Rumours of a coming parliamentary coup to avoid a no-deal outcome rumble on, prompting the usual range of responses.
Speaking at the G7 summit in Biarritz on Sunday, Boris Johnson stated that Britain can ‘easily cope’ with a no-deal Brexit. The Prime Minister ascribed sole responsibility for whether or not Britain crashed out of the European Union on 31 October to ‘our EU friends and partners’, while Brussels officials asserted that it was ‘squarely and firmly’ up to Britain to find a solution to the Irish border issue. His comments come after a week in which Angela Merkel and Emmanuel Macron indicated their unwillingness to countenance reopening the withdrawal agreement, while Donald Trump promised a ‘very big trade deal’ between the United Kingdom and the United States once the country had freed itself from the ‘anchor’ of the EU.
Writing in the Times, Cambridge historian Robert Tombs argues that those who consider parliamentary resistance a legitimate expression of its sovereignty would ‘do untold damage to the institution they claim to defend’ by preventing the government from ‘[carrying] out a policy approved by the electorate’. In the Guardian, Heather Stewart and Rowena Mason covered the opposing view, outlining the key points in the six-page document prepared for Jeremy Corbyn by the shadow attorney general, Shami Chakrabarti. The advice includes an assertion that Boris Johnson would be committing the ‘gravest abuse of power and attack on UK constitutional principle in living memory’ if he shuts down parliament to help force through a no-deal Brexit.
Earlier this week, the archbishop of Canterbury sparked criticism by Brexiteers, including former Conservative party leader Iain Duncan Smith, for reportedly meeting MPs with a view to chairing citizens’ assemblies to stop a no-deal departure from the EU. Today, Jeremy Corbyn met with the leaders of the SNP, the Liberal Democrats, Plaid Cymru, the Green party and the Independent Group for Change and issued a joint statement agreeing to work together to avoid ‘a disastrous no-deal exit’.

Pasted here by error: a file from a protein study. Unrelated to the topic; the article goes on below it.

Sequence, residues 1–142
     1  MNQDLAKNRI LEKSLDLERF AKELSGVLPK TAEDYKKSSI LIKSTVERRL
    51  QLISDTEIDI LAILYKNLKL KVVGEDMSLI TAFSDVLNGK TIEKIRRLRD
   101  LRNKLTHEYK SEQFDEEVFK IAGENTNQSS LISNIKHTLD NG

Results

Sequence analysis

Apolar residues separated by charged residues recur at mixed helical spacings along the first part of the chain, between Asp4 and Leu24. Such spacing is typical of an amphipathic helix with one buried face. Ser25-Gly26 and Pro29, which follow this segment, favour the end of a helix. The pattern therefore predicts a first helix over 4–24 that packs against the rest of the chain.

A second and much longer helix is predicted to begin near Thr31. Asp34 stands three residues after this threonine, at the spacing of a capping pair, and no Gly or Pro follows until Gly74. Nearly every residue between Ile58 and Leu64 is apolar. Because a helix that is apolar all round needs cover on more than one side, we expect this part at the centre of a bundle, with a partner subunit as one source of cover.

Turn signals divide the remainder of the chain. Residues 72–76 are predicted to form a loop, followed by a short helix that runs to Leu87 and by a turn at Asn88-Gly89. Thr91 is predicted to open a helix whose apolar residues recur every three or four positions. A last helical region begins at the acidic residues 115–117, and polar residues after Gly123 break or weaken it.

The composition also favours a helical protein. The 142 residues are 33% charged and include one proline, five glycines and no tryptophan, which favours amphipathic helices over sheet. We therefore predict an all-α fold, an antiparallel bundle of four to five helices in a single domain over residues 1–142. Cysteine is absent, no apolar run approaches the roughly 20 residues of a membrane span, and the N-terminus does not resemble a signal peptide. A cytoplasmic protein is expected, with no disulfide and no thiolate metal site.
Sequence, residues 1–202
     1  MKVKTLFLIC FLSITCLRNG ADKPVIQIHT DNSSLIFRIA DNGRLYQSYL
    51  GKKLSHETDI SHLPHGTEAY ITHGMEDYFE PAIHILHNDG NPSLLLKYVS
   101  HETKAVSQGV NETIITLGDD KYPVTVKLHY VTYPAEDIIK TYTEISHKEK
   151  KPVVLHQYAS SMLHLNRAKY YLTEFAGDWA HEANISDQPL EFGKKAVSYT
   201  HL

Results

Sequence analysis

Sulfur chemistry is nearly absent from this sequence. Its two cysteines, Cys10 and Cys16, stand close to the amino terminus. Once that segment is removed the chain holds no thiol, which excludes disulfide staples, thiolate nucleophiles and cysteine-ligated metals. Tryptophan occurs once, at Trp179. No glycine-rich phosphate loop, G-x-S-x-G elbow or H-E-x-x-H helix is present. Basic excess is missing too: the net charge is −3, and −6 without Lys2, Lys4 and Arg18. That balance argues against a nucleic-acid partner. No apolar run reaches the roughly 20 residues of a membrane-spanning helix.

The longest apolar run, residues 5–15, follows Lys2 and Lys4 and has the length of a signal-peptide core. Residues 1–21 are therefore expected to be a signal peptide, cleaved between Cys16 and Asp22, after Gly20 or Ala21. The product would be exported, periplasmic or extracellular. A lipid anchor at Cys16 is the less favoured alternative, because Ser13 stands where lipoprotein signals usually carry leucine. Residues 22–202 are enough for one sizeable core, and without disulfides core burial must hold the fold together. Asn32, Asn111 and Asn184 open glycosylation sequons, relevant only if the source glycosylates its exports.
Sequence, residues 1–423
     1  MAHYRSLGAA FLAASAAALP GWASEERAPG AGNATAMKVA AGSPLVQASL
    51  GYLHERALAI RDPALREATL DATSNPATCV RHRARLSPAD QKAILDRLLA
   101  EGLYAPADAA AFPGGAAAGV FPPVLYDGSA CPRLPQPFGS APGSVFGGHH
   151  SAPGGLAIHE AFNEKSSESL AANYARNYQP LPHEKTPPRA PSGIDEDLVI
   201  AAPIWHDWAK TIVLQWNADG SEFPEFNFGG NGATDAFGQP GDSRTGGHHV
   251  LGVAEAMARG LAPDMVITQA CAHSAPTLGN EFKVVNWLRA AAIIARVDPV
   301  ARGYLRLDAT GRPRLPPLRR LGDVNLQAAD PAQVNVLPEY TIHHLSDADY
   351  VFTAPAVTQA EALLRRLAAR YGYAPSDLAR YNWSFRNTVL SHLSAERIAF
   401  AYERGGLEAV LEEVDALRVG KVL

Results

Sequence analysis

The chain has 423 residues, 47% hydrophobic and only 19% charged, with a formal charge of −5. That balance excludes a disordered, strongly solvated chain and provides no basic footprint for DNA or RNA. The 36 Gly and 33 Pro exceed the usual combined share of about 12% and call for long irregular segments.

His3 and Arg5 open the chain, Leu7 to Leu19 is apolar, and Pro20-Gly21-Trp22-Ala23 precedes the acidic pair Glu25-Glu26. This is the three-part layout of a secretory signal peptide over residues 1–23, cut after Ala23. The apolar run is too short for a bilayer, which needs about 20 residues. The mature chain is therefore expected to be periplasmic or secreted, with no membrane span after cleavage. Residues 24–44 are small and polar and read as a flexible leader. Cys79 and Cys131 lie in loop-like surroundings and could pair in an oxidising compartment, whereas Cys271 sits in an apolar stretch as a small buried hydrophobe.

A number of reports and warnings on working conditions for junior judges, the criminal justice system’s treatment of victims of sexual violence, and prison sentencing for individuals with mental health issues have been published this week.
The Criminal Bar Association has warned that junior judges are being put on what are in effect zero-hours contracts, as their working days have been slashed and requests are being made for them to sit at the bench at impossibly short notice. The Guardian’s legal affair correspondent Owen Bowcott attributes the worsening working conditions to ‘a fresh round of austerity’, noting that the Ministry of Justice has suffered deeper cuts than any other Whitehall department since 2010. Conversely, the MoJ insists that the reason for the change is that the number of cases going to court has fallen and therefore fewer recorders are required. Caroline Goodwin QC, vice-chair of the Criminal Bar Association, said: ‘Exactly how recorders are to fulfil their sitting obligations and maintain any real career progression simply beggars belief.’
Baroness Newlove, the outgoing victim’s commissioner for England and Wales, has warned in her annual report that there has been a ‘breakdown in confidence between victims of sexual violence and the criminal justice system’. She cited recent data that suggests fewer than 2% of victims of sexual assault will see their perpetrator convicted in the courts. Arguing that the criminal justice system had become a ‘hostile environment’ for victims, Newlove called for them to be offered free legal advice before consenting to handing over their phones or personal records, expressed concern over defence barristers cross-examining victims on their previous sexual history, and echoed Sir John Gillen’s call for a ‘large-scale publicity campaign and training for juries’ to counteract rape myths and stereotyping.
In the Guardian, Fern Champion, a survivor of sexual violence who is campaigning to ensure access to specialist counselling services, observed that rape crisis centres and services are being forced to turn thousands of women away because high demand and long-term underfunding have resulted in waiting lists as long as 14 months. She expressed concern that the Tory leadership candidates Boris Johnson and Jeremy Hunt demonstrate ‘clear inability to understand’ the extent and severity of the crisis. In the same paper, Emily Reynolds called for a duty to be imposed on employers to prevent sexual harassment in the workplace.